New York issues a ‘pause’ on nonessential services and gatherings. Here’s what that means.

Times Square is sparsely populated due to ongoing...Photo
by Lev Radin/Pacific Press/LightRocket via Getty Images

The new restrictions are aimed at stopping the spread of
COVID-19 throughout New York state

As the number of COVID-19 cases balloons throughout New
York—which now has
the most confirmed cases in the United States
—Gov. Andrew
Cuomo has ordered all non-essential retailers and businesses to
close, and for residents across the state to stay home as much as
possible in an effort to stop the spread of the novel
coronavirus.

“We need everyone to be safe, or no one can be safe,” Cuomo
said during a press conference announcing the new regulations.
“This is not life as usual. Accept it, realize it, and deal with
it.”

The executive order, which Cuomo calls PAUSE—which stands for
“Policies Assure Uniform Safety for Everyone”—will take
effect on the evening of March 22, according to the governor. It
mandates that any businesses not deemed “essential” must keep
100 percent of their workforce home. Any businesses that do not
comply could face fines or enforcement measures.

What
qualifies as an essential business
is fairly broad: The list
includes hospitals and other health care facilities (including vets
and walk-in clinics); utilities; mass transit and airports;
retailers like grocery stores, pharmacies, hardware stores, farmers
markets, and restaurants (for delivery only); banks and other
financial institutions; services like mail delivery, trash
collection, laundromats, auto repair (but, notably, not bike
repair), and child care; news media; construction; and groups that
provide services to the homeless and other vulnerable New
Yorkers.

What’s nonessential: bars, restaurants, malls, movie theaters,
gyms, businesses providing grooming services (barbershops, nail
salons, and hairdressers), casinos, theaters, sporting events, and
“worship services.”

The order also mandates that New Yorkers to halt any gatherings
“of any size, for any reason” for the foreseeable future,
although it stops short of discouraging people to leave their homes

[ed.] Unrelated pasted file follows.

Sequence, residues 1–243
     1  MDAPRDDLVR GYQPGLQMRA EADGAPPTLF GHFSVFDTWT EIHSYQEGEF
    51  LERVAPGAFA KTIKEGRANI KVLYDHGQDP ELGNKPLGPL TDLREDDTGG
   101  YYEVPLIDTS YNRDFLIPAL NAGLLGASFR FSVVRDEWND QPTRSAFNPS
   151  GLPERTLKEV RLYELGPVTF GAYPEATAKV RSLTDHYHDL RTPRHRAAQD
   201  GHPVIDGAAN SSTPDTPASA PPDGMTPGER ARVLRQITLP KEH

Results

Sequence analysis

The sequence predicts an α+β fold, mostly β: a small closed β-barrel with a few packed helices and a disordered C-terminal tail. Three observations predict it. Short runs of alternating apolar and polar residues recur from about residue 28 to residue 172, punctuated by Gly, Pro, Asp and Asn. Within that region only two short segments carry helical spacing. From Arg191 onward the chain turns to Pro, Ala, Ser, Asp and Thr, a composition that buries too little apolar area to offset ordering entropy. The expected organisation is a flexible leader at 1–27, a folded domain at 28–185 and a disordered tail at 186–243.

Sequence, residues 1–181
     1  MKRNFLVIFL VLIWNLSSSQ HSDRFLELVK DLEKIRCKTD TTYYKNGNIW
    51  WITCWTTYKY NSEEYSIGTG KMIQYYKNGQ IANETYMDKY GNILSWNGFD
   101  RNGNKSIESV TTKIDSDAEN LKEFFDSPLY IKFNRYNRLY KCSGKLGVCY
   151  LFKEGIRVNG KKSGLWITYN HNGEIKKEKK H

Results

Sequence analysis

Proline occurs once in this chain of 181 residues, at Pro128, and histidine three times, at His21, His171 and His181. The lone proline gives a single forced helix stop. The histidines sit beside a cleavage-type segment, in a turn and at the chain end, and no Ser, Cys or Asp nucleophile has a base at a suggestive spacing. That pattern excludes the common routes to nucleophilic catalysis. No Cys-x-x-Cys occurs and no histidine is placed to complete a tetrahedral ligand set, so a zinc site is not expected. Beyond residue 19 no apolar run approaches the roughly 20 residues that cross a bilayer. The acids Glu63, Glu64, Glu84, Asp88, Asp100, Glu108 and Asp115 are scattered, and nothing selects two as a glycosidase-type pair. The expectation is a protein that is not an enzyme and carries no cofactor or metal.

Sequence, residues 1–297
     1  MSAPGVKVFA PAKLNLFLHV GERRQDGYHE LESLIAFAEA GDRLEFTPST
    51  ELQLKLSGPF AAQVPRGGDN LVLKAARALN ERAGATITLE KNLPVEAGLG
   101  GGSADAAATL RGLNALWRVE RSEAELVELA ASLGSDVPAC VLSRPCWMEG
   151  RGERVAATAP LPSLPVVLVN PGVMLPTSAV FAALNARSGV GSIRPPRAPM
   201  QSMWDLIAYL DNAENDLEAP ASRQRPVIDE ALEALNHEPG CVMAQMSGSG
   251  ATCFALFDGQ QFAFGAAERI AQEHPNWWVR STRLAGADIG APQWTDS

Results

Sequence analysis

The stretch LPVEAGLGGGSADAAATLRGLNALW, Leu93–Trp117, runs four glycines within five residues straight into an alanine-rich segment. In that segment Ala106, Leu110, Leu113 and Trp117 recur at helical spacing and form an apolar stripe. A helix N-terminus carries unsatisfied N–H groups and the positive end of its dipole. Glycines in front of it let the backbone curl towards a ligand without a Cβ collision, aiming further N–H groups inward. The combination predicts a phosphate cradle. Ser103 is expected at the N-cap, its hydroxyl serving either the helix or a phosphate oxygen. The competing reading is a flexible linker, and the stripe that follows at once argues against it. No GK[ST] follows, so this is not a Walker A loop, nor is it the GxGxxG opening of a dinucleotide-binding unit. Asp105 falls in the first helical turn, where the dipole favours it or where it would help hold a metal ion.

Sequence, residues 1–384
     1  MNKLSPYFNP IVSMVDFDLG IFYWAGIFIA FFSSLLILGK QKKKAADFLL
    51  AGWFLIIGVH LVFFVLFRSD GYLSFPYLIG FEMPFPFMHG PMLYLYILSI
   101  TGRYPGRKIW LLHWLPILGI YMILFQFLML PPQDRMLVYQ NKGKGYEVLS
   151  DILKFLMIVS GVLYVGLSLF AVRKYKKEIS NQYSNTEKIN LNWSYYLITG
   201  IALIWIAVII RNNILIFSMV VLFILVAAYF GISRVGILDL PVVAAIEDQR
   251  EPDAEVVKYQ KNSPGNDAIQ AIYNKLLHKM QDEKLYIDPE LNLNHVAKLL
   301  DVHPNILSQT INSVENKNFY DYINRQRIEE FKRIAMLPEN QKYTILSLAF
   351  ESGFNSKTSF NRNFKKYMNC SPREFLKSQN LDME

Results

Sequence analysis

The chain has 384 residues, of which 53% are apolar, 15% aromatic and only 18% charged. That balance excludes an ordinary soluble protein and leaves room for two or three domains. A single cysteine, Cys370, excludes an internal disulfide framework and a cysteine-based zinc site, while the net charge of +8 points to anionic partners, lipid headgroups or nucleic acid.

entirely. Instead, it states that people should continue to
practice social distancing, and limit activities to things that can
be done alone or while maintaining at least six feet of distance
between themselves and others. (So going for a solo run is fine;
playing a game of basketball with some friends or hosting a dinner
party, not so much.)

New Yorkers over the age of 70 or who are otherwise considered
“vulnerable” are discouraged from leaving their homes at all.
Fines or penalties were not immediately announced for individuals
who do not heed the governor’s mandate.

The moves comes after city and state lawmakers increasingly
called for Cuomo to adopt a shelter-in-place model for New York,
following the lead of places like San Francisco—which
went into effect
earlier this week—and
Los Angeles county
. On Thursday night, California Gov. Gavin
Newsom instructed the state’s 40 million residents to stay
indoors under an
order he called “safer at home.”

Over the past few days, Mayor Bill de Blasio has joined other
officials in calling for a San Francisco-like order for the city.
“We need to go to a shelter in place model,” Mayor Bill de
Blasio said on The Brian Lehrer Show on Friday morning. “If we
don’t slow [the spread of COVID-19] down, our hospitals will
simply not be able to handle the burden.” Cuomo issued the new
guidances an hour after that appearance.

New Yorkers have already been told repeatedly to hunker down,
but officials had, until Friday, not gone so far as to legally
mandate it. Cuomo, in particular, bristled at the “shelter in
place” language, and refused to call this new policy by that
name.

“This is about saving lives,” Cuomo said during the press
conference. “If everything we do saves just one life, I’ll be
happy.”

This is a developing story; more information will be
added as it becomes available.

Source: FS – All – Real Estate News 1
New York issues a ‘pause’ on nonessential services and gatherings. Here’s what that means.